The Year Zero

Israel is quietly preparing to go to war with Iran over the threat its atom bomb program presents. The Israelis are convinced, with good cause, that sanctions will fail, that only military action will work. They think that next year will be the Year Zero for making a decision because Iran will have enough nuclear fuel to make a Bomb by then.

Eran Lerman, former senior member of Israel's Directorate of Military Intelligence, says, "The Iranian regime's need for a nuclear bomb is a reflection of the profound crisis in which it finds itself after almost 30 years in power. They promised the earth and the country is in disarray. The regime has failed to create or sustain stable social structures. So the last validated remnant of the Iranian revolution is to destroy Israel."

The Israelis had what amounted to a dress rehearsal for an Iran strike last September when they took out a nuclear reactor in Syria. Israel did not comment publicly on the strike, nor did Syria nor did anyone else. That told the Israelis that the Arab countries covertly supported the strike while they could not overtly support the Jewish state.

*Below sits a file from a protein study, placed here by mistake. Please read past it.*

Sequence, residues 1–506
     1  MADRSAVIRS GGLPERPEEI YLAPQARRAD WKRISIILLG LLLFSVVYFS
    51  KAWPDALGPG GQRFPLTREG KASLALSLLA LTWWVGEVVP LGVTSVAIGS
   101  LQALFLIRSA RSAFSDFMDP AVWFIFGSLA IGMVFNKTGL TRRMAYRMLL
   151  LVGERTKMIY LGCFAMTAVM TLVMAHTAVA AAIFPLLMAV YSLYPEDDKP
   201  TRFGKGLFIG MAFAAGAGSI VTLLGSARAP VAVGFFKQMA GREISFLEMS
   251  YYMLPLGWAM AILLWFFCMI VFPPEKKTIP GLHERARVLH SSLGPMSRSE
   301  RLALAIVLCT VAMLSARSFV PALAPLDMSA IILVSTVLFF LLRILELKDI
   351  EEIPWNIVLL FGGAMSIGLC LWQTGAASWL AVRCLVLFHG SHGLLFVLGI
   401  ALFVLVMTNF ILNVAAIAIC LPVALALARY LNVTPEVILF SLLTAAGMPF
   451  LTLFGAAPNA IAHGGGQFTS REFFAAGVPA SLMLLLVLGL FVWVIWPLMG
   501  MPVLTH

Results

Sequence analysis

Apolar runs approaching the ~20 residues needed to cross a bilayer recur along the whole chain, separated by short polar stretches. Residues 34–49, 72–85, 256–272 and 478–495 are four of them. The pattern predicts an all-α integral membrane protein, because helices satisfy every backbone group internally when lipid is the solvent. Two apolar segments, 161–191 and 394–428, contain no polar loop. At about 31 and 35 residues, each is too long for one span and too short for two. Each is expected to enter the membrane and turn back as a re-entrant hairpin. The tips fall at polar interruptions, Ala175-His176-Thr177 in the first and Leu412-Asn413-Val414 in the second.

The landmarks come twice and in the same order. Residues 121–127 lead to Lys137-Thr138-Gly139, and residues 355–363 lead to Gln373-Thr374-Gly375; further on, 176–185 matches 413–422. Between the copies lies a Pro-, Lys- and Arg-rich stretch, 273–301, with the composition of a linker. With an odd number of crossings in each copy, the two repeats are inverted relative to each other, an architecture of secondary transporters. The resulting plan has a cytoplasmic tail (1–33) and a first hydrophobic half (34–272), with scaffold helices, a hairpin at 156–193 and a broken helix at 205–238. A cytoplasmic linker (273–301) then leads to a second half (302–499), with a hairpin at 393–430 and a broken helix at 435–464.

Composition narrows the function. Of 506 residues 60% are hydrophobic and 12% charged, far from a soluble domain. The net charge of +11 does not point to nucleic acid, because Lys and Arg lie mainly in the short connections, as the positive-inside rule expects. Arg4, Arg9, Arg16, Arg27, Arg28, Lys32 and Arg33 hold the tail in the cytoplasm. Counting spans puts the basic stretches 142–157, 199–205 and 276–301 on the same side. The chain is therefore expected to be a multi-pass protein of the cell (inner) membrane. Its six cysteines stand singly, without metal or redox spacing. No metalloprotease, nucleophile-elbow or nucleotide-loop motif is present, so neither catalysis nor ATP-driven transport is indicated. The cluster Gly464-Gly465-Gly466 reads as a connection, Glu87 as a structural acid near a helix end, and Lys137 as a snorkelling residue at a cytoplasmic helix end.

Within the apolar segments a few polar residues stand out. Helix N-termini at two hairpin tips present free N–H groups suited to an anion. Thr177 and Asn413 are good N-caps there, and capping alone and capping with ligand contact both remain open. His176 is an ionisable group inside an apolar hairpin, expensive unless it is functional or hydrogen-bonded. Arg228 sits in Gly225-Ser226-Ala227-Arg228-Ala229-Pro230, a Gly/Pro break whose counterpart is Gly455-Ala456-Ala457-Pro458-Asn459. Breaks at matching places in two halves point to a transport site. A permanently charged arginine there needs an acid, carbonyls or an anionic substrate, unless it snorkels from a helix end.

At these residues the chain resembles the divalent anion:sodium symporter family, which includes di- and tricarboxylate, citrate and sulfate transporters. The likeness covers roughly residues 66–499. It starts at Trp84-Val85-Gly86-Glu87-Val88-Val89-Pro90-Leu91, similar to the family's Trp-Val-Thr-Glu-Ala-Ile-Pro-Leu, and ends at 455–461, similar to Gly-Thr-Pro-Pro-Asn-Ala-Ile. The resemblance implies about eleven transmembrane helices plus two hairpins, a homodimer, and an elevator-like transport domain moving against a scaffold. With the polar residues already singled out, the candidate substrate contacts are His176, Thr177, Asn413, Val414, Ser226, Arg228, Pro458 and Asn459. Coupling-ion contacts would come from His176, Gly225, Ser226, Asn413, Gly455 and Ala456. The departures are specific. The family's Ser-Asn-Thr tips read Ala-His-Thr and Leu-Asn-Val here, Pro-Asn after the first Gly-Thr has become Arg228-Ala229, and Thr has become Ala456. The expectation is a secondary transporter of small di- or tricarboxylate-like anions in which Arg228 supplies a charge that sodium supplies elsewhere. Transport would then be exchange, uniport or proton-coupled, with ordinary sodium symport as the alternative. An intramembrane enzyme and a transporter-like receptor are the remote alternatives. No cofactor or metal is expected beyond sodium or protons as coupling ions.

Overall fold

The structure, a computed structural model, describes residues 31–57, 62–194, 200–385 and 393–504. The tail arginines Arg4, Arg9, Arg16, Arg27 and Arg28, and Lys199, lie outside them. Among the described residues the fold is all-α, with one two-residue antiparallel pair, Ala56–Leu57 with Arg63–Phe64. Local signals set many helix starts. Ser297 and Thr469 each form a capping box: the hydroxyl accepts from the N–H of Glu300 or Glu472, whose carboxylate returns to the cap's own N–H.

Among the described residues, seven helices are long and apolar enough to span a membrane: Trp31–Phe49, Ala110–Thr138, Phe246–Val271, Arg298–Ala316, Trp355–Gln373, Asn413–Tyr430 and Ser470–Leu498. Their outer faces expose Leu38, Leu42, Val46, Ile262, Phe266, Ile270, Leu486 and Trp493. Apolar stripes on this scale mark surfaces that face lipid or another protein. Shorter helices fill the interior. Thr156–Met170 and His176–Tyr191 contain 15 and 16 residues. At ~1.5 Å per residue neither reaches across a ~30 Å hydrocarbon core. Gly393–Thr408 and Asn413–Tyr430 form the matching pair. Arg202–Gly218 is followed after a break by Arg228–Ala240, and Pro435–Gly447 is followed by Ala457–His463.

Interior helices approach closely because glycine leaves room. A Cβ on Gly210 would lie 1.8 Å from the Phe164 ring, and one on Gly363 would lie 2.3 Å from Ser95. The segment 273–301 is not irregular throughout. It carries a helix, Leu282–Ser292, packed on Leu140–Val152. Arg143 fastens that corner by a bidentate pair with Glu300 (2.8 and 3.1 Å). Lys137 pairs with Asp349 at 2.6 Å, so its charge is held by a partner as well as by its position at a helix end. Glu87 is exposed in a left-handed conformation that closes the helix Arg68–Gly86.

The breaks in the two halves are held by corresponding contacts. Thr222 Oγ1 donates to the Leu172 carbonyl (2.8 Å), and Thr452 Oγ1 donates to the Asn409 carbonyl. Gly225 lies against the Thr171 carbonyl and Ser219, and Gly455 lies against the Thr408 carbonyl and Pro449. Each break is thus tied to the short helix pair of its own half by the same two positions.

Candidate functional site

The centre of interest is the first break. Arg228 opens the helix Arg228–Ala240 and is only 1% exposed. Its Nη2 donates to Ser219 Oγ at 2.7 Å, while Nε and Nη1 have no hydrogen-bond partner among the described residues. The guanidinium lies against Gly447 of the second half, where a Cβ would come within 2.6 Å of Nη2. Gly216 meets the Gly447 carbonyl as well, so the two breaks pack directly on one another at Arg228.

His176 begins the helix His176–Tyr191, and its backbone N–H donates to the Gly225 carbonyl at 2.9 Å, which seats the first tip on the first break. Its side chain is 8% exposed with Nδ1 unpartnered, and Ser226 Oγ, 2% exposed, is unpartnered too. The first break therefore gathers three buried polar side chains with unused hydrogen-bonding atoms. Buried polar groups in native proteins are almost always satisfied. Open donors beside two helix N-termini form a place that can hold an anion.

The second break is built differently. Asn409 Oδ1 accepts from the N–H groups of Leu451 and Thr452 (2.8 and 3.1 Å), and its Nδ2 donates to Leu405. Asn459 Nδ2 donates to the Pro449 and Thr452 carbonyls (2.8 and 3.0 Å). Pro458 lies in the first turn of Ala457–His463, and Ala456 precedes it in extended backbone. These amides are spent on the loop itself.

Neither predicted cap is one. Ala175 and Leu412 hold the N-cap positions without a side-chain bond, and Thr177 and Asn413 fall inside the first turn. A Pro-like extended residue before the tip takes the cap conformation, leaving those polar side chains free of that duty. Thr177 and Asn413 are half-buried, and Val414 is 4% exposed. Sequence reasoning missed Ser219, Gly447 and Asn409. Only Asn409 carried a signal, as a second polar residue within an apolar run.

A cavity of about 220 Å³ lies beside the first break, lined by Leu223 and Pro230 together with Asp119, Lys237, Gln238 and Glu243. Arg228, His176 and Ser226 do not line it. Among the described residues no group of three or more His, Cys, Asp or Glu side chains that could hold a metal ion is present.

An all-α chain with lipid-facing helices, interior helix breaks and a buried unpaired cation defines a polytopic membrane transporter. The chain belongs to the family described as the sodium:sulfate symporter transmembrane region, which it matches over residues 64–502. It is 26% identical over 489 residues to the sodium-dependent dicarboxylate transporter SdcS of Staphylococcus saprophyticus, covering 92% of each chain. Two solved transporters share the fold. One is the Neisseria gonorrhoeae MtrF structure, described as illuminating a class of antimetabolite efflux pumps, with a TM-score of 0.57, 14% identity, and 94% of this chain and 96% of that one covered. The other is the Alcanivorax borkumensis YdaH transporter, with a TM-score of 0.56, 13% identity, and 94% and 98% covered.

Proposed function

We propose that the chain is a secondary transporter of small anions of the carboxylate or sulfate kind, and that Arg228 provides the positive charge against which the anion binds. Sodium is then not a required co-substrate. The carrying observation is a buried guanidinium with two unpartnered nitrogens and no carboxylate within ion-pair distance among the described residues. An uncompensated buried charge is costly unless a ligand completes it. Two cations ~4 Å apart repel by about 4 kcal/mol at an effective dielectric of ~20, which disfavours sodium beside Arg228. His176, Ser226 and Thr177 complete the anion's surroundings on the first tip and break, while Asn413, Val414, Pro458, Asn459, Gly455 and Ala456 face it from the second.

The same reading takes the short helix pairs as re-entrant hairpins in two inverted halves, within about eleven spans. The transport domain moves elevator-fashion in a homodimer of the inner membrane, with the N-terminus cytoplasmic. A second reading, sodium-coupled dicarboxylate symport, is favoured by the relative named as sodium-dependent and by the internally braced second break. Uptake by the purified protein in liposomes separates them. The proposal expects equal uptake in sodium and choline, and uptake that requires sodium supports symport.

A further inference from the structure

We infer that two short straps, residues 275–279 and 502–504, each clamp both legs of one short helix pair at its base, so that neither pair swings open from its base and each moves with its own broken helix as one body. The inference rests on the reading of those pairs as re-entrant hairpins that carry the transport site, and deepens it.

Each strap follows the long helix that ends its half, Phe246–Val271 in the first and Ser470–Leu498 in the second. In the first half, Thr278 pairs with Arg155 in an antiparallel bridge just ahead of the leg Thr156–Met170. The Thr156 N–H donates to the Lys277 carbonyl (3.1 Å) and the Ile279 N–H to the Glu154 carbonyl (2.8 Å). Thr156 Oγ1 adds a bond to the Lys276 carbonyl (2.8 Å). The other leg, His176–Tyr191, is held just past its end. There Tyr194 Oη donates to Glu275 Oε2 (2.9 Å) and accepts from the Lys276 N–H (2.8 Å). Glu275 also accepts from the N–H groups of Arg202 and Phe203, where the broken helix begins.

General Moshe "Boogie" Ya'alon, the Boogie Man, the former head of the Israeli Defence Forces, argues a war is necessary, not a raid, "Military intervention would not be one strike. It needs to be a sustained operation … Any military strike in Iran will be quietly applauded by Egypt, Saudi Arabia, Jordan and the Gulf states. It is a misconception to think that the Arab-Israeli conflict is the most important in the Middle-East. The Shiite-Sunni schism is much bigger, the Persian-Arab divide is bigger, the struggle between national regimes and jihadism is much bigger. And I can't imagine the US will want to share power in the Middle East with a nuclear-armed Iran."